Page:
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The Latest Cheating Scandal - D-Oswald - 08-01-2013

Anyone else seen the latest from the Zadar Open?

2200 Ivanov had some smashing results:

<!-- m --><a class="postlink" href="http://www.chessbase.com/newsdetail.asp?newsid=8751">http://www.chessbase.com/newsdetail.asp?newsid=8751</a><!-- m -->

but his own countryman, FM Lilov seems to think he played very "houdini-ishly" (by very, I mean 95 to 97% of the time!!):

<!-- m --><a class="postlink" href="http://www.youtube.com/watch?v=Jr0J8SPENjM">http://www.youtube.com/watch?v=Jr0J8SPENjM</a><!-- m -->

Quite a long video but very intriguing indeed! Lilov is suggesting organisers in big tournaments invest in some anti-cheating devices... certainly a sad state of affairs if such a measure is deemed necessary.

I would like to think that any player can significantly and quickly improve with effort, hard work and belief. And that an in-form and improving 2200 could play to 2600 hundred strength. In fact we have seen this with our very own Alan Tate (Congratulations again for your efforts on getting that GM norm).
However, after watching Lilov's video it appears that maybe Ivanov's "success" has not been merited honestly...

Any thoughts?


Re: The Latest Cheating Scandal - Andrew McHarg - 09-01-2013

Would be interesting to find out how he actually did it (if it's true). I mean you'd imagine doing some sort of search on him would have revealed something suspicious, but seemingly not. Funny that when the live stream stopped he went on to lose that particular game. I presume then that the moves he played after that live stream stopped were not as strong as engine moves, and so there is a clear link. To prove his guilt (or innocence) it'd be a good idea to ban the broadcast of his games at future events to see if his performance remains the same (or similar).


Re: The Latest Cheating Scandal - Douglas Bryson - 09-01-2013

<!-- m --><a class="postlink" href="http://www.chessscotland.com/archives/TateCroatia.htm">http://www.chessscotland.com/archives/TateCroatia.htm</a><!-- m -->

Alan Tate recorded a 2641 performance and GM norm while rated 2234.


Re: The Latest Cheating Scandal - andyburnett - 09-01-2013

Here is a well-written and interesting summary of Lilov's video, posted by Chris Rice on the ECForum... The entire thread is at http://www.ecforum.org.uk/viewtopic.php?f=31&t=5085&start=30

"Here is a quick and dirty translation of all the best bits of the Lilov article:

"The consensus is that Ivanov played almost perfect chess and followed Houdini in at least 9 out of 10 cases, for each move it was always one of Houdini's top three proposals.

Of course, one may ask, why Ivanov has not won all the games and lost in the second round against GM Ognen Jovanovic? Lilov notes that Ivanov lost to Jovanovic despite almost exclusively following Houdini's recommendations. It was because the position was closed after the opening and we know that in closed positions the computer has been known to play badly. Lilov reveals that Ivanov lost that game by making errors in a totally drawn position.

The following position (you'll have to refer back to the diagram from the ChessBase article <!-- m --><a class="postlink" href="http://www.chessbase.de/nachrichten.asp?newsid=13813">http://www.chessbase.de/nachrichten.asp?newsid=13813</a><!-- m --> - ed) Black played 115th ..Bd6? and with the simple white 116.Nf4 it was clear that Black had overlooked the threat of losing the pawn at d5. White then played 116… Bxf4 117.Kxf4 with an easily won pawn ending for White. Lilov explains in the diagram position that Black should have moved his king with 115 …Ke6 116 Nf6 d6 with an easy draw.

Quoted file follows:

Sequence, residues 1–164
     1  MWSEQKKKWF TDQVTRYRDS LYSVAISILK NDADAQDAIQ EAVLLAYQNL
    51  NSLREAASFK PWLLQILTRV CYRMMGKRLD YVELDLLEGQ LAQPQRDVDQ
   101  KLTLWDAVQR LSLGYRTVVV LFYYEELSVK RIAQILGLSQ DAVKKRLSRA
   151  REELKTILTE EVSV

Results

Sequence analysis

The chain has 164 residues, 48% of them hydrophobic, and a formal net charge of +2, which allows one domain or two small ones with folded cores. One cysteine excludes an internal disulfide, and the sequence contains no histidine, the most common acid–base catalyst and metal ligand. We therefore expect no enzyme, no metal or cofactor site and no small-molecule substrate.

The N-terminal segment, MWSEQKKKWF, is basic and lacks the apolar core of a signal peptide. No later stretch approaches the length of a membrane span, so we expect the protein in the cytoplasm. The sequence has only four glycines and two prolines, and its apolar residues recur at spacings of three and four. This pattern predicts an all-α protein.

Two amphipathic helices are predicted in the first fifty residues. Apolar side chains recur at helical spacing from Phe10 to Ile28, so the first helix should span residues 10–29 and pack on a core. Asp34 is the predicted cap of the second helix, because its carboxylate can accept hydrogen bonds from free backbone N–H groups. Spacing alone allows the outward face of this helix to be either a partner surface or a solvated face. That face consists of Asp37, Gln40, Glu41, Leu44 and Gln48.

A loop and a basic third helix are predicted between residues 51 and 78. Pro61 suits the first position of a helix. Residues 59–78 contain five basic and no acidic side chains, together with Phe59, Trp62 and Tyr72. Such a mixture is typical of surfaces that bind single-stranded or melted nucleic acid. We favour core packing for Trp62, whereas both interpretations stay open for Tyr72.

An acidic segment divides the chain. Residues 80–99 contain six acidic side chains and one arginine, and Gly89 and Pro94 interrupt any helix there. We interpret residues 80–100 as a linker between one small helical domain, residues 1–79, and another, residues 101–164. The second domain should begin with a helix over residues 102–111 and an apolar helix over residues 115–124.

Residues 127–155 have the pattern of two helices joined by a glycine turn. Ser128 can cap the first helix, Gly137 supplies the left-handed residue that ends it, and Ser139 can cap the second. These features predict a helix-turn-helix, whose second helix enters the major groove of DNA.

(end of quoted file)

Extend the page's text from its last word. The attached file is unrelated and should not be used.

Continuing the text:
In other words, Black had been playing this game almost perfectly, not making any mistakes and then overlooked a simple threat, which forced him to transition into a lost pawn ending. Lilov explained this oversight was probably caused by lack of time and assumes that the correct continuation in the hectic closing stages could not be delivered.

But Ivanov hit back immediately and in round 3 he destroyed GM Bojan Kurajica with brilliant play on two fronts, which was crowned by a tactically precise mating attack. Lilov explains that Houdini is again almost always of the same opinion as Ivanov. The remarkable thing about this game is, however, above all, that Ivanov has played "chaotic, illogical trains of thought" based on hidden tactical options and precise calculation. Lilov also feels its conspicuous that Black, a 2520 GM, contributed almost no resistance.

Round four was followed by a draw against Davorin Kuljasevic, again with striking parallels to Houdini. However, the game was simplified right after the opening so that Black had little tactical ways to outwit his opponent.

In rounds five and six, followed devastating victories against Zelcic and Kozul, both were beaten by mating attacks. And again there was a strong agreement with the proposals by Houdini. Lilov remarks how amazingly accurate and precise Ivanov ‘s play is. Even the best players choose their moves intuitively and this intuition is prone to error.

After round seven, Ivanov is investigated by the tournament committee and following this in round eight the game against Borki Predojevic, in contrast to the previous games, is not broadcast live on the Internet. Lilov shows that Ivanov shows none of the preciseness and creativity from previous rounds and loses pathetically.

In the ninth and final round Ivanov wins in a game then rich with incident and tactically precise against GM Ivan Saric and ends up fourth in the tournament.

Lilov concludes that "more than 95 to 97% of Ivanov's trains of thought are trains of thought that would be suggested by very powerful engines which no man is capable of.

But Lilov is not content to analyse just Zadar, but digs deeper - and reveals more suprises. He looks at the chess career of Ivanov and notes that the Bulgarian had difficulties up to September 2012 of even winning one game against a player rated more than 2200 Elo. Take the first round of the Balkan Belogradchik Chess Festival 2012. Ivanov loses to a player rated 1916 Elo. But then comes the great metamorphosis: Ivanov is transformed overnight into a dangerous and strong player and wins 7/7.

Lilov has no doubt that Ivanov had computer help. At the end of this fascinating video, Lilov impresses with precise analysis and a deep understanding of chess and follows with a further surprise: Lilov shows what tools Ivanov could have taken advantage of: small cameras that can transmit the position to a partner anywhere in the world who is watching and analysing on his computer and a miniature microphone that can be hidden so well and deep in the ear, it cannot be discovered.